Authors: Bryce Courtenay
Tags: #FIC000000, #Historical
Bryce Courtenay is the bestselling author of
Power of One, Tandia, The Potato Factory, Tommo
& Hawk, Jessica, Solomon's Song, A Recipe
for Dreaming, The Family Frying Pan, The Night Country,
Smoky Joe's Cafe, Four Fires, Matthew Flinders' Cat, Brother
Fish, Whitethorn, Sylvia
The Persimmon Tree.
The Power of One
is also available in an edition for younger readers, and
has been made into an award-winning television miniseries.
Bryce Courtenay lives in the Hunter Valley, New South Wales.
The Power of One
A Recipe for Dreaming
The Family Frying Pan
The Night Country
Smoky Joe's Cafe
Matthew Flinders' Cat
The Persimmon Tree
The Potato Factory
Tommo & Hawk
Also available in one volume, as
The Australian Trilogy
First published in Canada in 2007 by
McArthur & Company
322 King St. West, Suite 402
Copyright Â© 2007 Bryce Courtenay
All rights reserved. The use of any part of this publication reproduced, transmitted in any form or by any means, electronic, mechanical, photocopying, recording or otherwise stored in a retrieval system, without the expressed written consent of the publisher, is an infringement of the copyright law.
Library and Archives Canada Cataloguing in Publication
Courtenay, Bryce, 1933-
Sylvia / Bryce Courtenay.
1. Children's Crusade, 1212--Fiction. I. Title.
PR9619.3.C598S95 2008Â Â Â Â 823'.914Â Â Â Â C2008 904209-3
Cover images: Getty
THIS WAS A STRANGE period, even for a time of civil war, when horrible surprise and uncertainty, sickness and blight upon the land seemed as commonplace as dogs barking in the night. People, sensible and devout, not given to open display and well knowing their lack of noteworthy lives, took to strange acts of sudden wilfulness. A vainglorious, corrupt and complacent Church, the only arbiter of right from wrong and well accustomed to owning all judgements, felt certain these signs and portents were visitations from the devil, while the ordinary folk clearly saw God's mysterious hand at work in their lives.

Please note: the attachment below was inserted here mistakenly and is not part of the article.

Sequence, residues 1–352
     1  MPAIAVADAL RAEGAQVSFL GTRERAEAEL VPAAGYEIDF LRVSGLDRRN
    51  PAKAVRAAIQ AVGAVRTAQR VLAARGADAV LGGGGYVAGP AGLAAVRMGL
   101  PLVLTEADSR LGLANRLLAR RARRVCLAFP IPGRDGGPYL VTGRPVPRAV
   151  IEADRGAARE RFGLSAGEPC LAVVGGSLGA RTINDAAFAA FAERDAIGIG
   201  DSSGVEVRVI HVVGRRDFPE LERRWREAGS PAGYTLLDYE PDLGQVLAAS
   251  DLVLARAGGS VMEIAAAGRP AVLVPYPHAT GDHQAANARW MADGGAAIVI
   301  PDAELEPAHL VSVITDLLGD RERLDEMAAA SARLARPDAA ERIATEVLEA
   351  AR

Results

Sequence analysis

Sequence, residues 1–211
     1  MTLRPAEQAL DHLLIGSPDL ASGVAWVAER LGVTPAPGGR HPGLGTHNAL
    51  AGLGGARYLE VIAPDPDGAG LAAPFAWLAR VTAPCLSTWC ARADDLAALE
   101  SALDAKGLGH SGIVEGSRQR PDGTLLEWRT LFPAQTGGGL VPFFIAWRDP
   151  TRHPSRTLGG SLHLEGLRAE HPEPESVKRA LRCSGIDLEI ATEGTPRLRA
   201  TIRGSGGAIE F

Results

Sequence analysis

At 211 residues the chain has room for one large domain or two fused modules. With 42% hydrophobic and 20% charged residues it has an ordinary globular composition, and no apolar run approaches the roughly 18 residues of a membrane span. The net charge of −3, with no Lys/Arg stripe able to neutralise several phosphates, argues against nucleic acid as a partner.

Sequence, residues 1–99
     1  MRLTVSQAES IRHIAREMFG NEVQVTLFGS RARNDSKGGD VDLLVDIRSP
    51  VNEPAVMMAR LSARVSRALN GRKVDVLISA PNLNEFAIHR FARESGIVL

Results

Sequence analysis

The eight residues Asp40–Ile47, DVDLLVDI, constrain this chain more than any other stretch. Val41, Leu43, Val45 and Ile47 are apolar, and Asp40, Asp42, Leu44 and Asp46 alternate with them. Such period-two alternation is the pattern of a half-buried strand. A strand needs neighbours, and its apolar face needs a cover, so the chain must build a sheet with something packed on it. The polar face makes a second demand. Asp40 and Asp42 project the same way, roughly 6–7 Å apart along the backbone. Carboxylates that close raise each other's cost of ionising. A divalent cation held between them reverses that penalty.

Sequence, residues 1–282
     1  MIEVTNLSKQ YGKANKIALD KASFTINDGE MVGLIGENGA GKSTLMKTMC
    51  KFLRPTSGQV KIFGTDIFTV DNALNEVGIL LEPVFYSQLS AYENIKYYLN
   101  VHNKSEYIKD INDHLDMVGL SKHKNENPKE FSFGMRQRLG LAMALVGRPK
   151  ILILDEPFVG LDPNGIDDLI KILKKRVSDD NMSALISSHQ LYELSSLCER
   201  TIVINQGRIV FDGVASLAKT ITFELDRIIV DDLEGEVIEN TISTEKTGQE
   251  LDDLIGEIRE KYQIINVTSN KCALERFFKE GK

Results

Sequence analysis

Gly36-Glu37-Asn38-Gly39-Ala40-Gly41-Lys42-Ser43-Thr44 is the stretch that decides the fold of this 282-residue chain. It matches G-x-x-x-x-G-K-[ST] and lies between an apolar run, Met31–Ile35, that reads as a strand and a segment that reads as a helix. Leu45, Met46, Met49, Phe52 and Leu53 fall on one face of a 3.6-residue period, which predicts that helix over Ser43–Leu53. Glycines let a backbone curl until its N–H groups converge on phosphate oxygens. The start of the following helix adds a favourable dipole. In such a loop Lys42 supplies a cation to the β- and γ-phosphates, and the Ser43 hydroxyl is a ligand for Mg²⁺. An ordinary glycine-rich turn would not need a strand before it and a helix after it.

Though how God, one crisp March morning in the year of our Lord 1212, could cause two chaste women of Cologne to strip to public nakedness in the grey dawn light was a complex mystery even for those epochal times. That two fat women with no cause to want for anything, and at a time when to be rotund was a sign of contentment and privilege, took to behaving like drunken hussies seemed near impossible to explain as a divine manifestation.
These, you must understand, were enormous women, their pendulous breasts lifting and slapping against great wobbling stomachs, each milk-white thigh shifting its weight first to the left and then to the right as they trundled barefoot across the wet, cold earth.
The fact of the two fat women running was a near miracle in itself. But further to this, neither was known to the other â they came down different streets and it was well-known in their respective neighbourhoods that they would customarily walk only short distances before having to stop to recover their breath. But now they ran, if less the gazelle and more the hippopotamus, still it was running by any known description. They wept as they ran, constantly calling out the name of the most holy place in Christendom.
If this was a Satan-inspired early-morning madness, then it was also an infection that seemed to be carried within the stinking city not yet cleansed of winter ordure by the spring rains. At about the time the Angelus bell rang and even before the sun was to rise fully that morning, as if to some unspoken command, hundreds of pious women rose from their beds. The fortunate and the desperate poor, all keepers of the faith, sat bolt upright, then, as if possessed, stepped urgently from their beds and hastily drew their woollen nightgowns or the rags they slept in over their heads, casting them to the floor, and stood naked before their Creator.
To some further inward command, the women crept silently past sleeping husbands and children to emerge from the doorways of homes and hovels in every neighbourhood. That they regarded themselves as spiritually guided there is no doubt â foolishness and wanton display played no part in their chaste and pious thoughts. With their arms and faces raised to heaven, eyes tightly shut to the rising sun, they ran from every direction towards the square in front of the church of St Martin where from their collective lips issued the single chant, âOur children in Jerusalem!'
The archbishop and his two attendant clerics, together with the small number of old women and a smattering of pilgrims seeking indulgences before the spring ploughing who were attending the early-morning mass, hearing the chanting that came from outside the church, hurried to the great doors. Some would later claim that at least a thousand women stood naked chanting in the church square. Later that day town officials would announce the figure at less than a hundred and then, as time wore on and at the insistence of the archbishop, it was further revised to a handful. Finally, when it came time to add the event to the pages of Church history, it was reduced to the original two fat women running, who, the Latin scribe was careful to add, were found dead, struck down by the hand of the Almighty.